NREL: Researchers Engineer Microorganisms To Tackle PET Plastic Pollution

From overflowing landfills to floating garbage islands in the oceans to microplastics in remote wilderness areas, billions of tons of discarded plastic have created a global pollution crisis.

Poly(ethyleneterephthalate), Chemocatalyticglycolysis, Bioconversion (Engineered P. putida), Recovery & Polymerization recycle graphic.
Although plastics are essential to our everyday lives, they are durable materials that do not naturally biodegrade, taking decades or even centuries to decompose in landfills or the natural environment. More than 82 million metric tons of polyethylene terephthalate (PET) is produced globally each year to make single-use beverage bottles, packaging, clothing, and carpets, and it is one of the largest sources of plastic waste.

Scientists from the U.S. Department of Energy’s (DOE’s) National Renewable Energy Laboratory (NREL) are making progress on a possible solution to PET waste. A collaborative research team is combining chemistry and biology to turn PET into a nylon material with better properties that can be used to create a more versatile range of new products.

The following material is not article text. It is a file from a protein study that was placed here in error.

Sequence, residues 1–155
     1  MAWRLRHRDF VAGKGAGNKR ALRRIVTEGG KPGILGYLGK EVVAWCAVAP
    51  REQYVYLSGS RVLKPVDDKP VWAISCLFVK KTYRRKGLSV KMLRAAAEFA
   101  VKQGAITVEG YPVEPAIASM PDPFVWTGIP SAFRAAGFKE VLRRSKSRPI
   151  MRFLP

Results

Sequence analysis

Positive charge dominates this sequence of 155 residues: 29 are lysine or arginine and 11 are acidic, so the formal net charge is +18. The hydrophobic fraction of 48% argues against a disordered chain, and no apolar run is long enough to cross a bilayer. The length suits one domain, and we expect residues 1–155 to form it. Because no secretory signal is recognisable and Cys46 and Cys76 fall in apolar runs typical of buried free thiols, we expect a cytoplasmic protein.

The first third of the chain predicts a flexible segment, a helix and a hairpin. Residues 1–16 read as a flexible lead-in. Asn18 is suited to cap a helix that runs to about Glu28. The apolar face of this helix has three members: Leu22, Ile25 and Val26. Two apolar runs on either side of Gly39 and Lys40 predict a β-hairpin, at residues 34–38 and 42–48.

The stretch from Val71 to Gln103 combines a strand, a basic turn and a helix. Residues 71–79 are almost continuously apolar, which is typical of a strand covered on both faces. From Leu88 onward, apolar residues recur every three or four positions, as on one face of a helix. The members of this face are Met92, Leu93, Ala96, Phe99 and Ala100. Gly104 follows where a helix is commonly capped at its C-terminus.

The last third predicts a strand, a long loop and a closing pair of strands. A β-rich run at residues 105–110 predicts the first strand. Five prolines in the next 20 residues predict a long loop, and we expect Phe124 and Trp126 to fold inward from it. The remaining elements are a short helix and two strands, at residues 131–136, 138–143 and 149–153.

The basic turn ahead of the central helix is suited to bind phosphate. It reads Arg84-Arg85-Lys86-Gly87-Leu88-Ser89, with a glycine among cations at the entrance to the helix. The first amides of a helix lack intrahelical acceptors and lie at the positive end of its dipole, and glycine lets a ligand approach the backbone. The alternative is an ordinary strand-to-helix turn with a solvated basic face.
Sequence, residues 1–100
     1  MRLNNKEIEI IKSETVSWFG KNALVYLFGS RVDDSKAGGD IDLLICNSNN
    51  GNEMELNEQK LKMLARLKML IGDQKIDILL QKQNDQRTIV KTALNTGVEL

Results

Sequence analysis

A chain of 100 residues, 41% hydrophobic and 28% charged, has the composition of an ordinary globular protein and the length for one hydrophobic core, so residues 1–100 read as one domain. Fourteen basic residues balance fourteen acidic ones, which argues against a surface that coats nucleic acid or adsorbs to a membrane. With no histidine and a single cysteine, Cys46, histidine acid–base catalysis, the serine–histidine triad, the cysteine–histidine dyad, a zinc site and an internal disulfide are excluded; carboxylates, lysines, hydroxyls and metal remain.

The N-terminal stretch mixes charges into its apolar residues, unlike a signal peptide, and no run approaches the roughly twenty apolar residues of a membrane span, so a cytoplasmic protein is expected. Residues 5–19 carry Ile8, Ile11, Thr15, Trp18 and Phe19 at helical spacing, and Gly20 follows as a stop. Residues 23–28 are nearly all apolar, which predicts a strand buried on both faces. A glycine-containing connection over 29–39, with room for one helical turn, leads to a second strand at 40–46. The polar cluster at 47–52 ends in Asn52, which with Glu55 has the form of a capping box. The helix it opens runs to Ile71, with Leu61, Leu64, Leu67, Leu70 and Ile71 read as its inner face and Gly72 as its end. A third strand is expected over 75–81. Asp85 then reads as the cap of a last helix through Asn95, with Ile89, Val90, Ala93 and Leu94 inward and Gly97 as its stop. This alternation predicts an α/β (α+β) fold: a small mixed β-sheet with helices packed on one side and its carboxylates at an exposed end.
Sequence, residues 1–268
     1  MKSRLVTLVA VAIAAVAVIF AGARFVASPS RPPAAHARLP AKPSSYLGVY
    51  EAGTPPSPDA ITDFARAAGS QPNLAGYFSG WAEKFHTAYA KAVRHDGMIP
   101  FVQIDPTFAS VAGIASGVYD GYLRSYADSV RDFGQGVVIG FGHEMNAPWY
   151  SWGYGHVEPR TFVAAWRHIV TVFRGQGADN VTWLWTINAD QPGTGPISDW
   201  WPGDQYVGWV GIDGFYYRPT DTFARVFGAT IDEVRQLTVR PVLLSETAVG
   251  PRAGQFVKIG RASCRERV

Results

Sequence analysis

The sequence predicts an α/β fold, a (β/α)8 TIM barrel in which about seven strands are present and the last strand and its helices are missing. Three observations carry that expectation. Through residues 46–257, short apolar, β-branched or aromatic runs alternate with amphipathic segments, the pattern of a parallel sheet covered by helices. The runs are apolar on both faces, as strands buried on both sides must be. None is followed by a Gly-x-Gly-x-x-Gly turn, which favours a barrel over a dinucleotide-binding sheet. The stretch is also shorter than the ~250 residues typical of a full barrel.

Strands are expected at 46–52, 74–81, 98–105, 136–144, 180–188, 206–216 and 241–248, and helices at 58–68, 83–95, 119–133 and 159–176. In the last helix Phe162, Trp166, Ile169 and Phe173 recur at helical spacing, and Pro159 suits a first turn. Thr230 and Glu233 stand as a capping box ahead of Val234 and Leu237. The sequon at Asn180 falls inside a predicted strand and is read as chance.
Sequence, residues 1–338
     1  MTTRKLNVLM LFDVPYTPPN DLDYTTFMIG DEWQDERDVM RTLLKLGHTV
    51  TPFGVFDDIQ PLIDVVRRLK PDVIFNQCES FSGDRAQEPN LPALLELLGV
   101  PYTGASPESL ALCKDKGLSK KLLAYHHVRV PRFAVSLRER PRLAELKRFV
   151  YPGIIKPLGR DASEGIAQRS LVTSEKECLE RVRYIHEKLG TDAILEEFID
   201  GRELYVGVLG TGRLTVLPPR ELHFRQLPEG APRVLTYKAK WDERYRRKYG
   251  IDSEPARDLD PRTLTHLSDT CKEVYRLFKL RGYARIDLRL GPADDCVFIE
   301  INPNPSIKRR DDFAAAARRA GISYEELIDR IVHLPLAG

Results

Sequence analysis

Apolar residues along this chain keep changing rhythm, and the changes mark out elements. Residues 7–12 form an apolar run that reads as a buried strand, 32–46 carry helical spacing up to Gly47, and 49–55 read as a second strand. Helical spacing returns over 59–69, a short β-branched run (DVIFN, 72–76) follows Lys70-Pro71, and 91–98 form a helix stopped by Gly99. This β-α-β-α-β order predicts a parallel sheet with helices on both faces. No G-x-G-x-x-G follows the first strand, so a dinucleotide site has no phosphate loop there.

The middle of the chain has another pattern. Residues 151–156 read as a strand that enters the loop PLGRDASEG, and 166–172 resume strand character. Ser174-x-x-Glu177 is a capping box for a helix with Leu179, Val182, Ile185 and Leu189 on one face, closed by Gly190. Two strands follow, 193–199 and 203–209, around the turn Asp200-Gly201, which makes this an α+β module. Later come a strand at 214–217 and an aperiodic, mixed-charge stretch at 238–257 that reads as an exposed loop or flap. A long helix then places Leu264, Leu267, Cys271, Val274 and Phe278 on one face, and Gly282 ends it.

In conjunction with the Bio-Optimized Technologies to keep Thermoplastics out of Landfills and the Environment (BOTTLE) Consortium, NREL researchers and partners from Oak Ridge National Laboratory (ORNL) engineered a bacterium to convert deconstructed PET into building blocks for a superior nylon product. As described in “Tandem chemical deconstruction and biological upcycling of poly(ethylene terephthalate) to β-ketoadipic acid by Pseudomonas putida KT2440,” recently published in Metabolic Engineering, these high-performance monomers can then be recycled into higher-value plastic materials and products, a process known as upcycling.

“This biological conversion step is one important part of the equation that makes PET upcycling possible, creating the opportunity to turn polluting plastic bottles into prized manufacturing materials, ultimately moving us closer to a circular economy at scale,” said NREL scientist and journal article first author Allison Werner.

A circular economy can extend the functional lifespan of the molecules to make virgin plastics, while reducing waste, conserving resources, and boosting efficiency, bringing us one step closer to a manufacturing model that uses less raw material and energy and a consumption mindset that keeps plastic waste out of landfills.

BOTTLE researchers are exploring how a range of chemical and biological processes can be used to deconstruct plastic wastes and upcycle them to higher-value, recyclable materials. The recent BOTTLE project deconstructed PET using a chemo-catalytic process and engineered the bacterium Pseudomonas putida KT2440 to convert the PET into the chemical β-ketoadipic acid (βKA), a building block for performance-advantaged nylon.

NREL and ORNL collaborated in engineering the bacterium. ORNL engineered the bacterium to utilize a key intermediate in PET breakdown, which enabled the NREL team to build a complete platform for bioconversion.

Dealing With Problem PET